LONDON (Reuters) – British Prime Minister Boris Johnson set out new measures on Monday to replace a COVID-19 lockdown in England from Dec. 2, reinforcing a previous regional approach to try to reopen businesses where infection rates are lower.
Just over two weeks after Johnson introduced a national lockdown for England to try to tame a spiralling increase in new coronavirus cases, he said the measures had reduced COVID infection rates and would be eased on Dec. 2 as promised.
Johnson has also been under pressure to scrap the lockdown from lawmakers in his Conservative Party, where many have threatened to vote against any new restrictions they consider overly damaging to the economy without more evidence of their effect in stemming infections.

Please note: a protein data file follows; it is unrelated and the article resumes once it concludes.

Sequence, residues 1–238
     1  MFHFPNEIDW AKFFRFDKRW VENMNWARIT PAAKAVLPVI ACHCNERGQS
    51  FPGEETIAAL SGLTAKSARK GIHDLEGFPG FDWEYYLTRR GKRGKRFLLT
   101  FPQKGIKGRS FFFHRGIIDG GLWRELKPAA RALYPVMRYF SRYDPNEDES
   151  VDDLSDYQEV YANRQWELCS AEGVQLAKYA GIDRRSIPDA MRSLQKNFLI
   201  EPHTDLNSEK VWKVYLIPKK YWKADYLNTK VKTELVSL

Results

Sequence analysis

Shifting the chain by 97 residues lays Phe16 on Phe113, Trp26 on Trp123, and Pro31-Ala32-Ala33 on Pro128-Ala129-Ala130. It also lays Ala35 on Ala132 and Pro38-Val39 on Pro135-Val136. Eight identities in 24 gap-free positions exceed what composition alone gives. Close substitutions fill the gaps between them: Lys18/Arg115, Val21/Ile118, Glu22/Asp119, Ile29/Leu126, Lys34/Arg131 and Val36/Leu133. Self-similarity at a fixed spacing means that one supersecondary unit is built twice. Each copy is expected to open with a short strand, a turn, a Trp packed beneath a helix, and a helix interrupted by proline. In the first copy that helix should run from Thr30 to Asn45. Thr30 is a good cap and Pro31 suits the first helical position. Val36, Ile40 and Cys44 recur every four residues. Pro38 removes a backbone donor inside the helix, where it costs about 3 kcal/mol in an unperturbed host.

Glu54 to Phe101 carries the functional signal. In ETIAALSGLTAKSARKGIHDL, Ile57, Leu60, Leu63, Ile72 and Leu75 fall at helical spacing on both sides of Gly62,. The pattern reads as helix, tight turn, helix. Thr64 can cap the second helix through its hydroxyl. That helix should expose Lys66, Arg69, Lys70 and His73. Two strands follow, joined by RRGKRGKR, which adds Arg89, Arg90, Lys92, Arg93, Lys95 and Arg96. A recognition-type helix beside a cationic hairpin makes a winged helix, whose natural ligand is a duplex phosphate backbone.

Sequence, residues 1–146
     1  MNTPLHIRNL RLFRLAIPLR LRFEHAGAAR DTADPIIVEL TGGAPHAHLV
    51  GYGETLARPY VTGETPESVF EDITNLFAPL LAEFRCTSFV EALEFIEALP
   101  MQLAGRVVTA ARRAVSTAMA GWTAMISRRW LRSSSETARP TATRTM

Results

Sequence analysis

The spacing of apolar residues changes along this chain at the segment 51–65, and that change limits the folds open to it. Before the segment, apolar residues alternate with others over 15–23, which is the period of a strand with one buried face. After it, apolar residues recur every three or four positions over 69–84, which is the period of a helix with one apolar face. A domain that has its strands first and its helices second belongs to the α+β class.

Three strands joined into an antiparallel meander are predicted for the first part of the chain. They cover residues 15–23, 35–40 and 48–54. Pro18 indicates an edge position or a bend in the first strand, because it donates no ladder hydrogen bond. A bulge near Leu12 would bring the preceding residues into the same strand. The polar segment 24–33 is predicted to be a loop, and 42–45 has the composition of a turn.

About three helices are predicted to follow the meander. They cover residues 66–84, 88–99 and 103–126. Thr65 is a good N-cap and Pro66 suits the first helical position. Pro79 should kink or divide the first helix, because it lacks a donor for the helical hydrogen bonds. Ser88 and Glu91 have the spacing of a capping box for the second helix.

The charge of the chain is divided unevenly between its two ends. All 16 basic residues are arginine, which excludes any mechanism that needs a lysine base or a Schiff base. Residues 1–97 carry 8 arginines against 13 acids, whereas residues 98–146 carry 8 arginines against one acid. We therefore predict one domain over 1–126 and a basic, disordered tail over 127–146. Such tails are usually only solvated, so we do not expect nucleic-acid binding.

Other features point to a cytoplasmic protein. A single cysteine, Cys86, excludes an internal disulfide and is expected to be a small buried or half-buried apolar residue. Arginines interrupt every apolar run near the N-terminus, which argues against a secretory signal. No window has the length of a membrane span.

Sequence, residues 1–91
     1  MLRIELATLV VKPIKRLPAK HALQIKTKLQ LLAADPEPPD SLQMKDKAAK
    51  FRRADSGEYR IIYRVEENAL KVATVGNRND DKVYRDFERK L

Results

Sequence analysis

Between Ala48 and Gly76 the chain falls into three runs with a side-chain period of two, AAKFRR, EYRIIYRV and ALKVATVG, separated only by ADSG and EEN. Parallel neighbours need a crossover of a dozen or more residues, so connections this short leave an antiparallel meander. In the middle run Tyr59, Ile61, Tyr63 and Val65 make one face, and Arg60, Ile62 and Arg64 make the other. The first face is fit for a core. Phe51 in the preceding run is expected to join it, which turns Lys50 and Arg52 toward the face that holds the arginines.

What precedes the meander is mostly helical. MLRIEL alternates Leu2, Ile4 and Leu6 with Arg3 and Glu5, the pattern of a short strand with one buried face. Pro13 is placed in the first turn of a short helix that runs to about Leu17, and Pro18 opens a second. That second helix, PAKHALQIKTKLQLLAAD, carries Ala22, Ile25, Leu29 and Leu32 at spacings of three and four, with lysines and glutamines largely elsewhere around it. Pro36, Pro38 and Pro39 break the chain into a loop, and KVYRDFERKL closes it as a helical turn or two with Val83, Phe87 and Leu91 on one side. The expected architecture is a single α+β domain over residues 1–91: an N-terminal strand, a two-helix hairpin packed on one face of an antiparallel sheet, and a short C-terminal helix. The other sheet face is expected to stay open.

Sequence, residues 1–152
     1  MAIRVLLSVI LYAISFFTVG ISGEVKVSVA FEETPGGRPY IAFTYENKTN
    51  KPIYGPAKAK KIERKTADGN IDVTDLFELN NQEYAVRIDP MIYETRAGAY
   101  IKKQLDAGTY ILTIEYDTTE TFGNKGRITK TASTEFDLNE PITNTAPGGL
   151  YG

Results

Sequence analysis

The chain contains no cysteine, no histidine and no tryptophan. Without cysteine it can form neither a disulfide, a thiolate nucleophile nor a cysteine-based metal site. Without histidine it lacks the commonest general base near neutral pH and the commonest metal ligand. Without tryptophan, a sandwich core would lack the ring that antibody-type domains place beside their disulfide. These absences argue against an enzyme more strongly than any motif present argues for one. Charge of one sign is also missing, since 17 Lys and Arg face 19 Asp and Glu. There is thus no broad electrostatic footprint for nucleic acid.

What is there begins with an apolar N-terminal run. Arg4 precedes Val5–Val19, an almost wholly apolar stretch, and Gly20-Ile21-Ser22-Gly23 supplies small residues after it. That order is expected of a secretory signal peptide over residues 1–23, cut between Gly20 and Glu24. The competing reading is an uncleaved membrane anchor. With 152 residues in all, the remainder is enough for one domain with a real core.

” We are going to go back … to a regional, tiered approach,” he told parliament virtually from home where he is self-isolating.
Trying to ease the concerns among sceptics within his party, he said the measures would run until the end of March.
“This will be still a hard winter, Christmas cannot be normal and there is a long road to spring. But we have turned a corner and the escape route is in sight,” he said.
“We must hold out against the virus until testing and vaccines come to our rescue and reduce the need for restrictions.”
After his statement, as he was answering questions from lawmakers, his video-conference connection failed and health minister Matt Hancock had to take over.
But the message to his own party was clear: an appeal to vote in favour of the new measures next week to make sure hospitals can cope during winter, when demand increases.
Some are bound to criticise ‘Tier 3’ (very high alert) restrictions, which mean that bars, cafes and restaurants must remain shut except for takeaway services, and that households cannot mix except in public places outdoors.
(Reporting by Kate Holton, Elizabeth Piper, Editing by Alistair Smout and Kevin Liffey)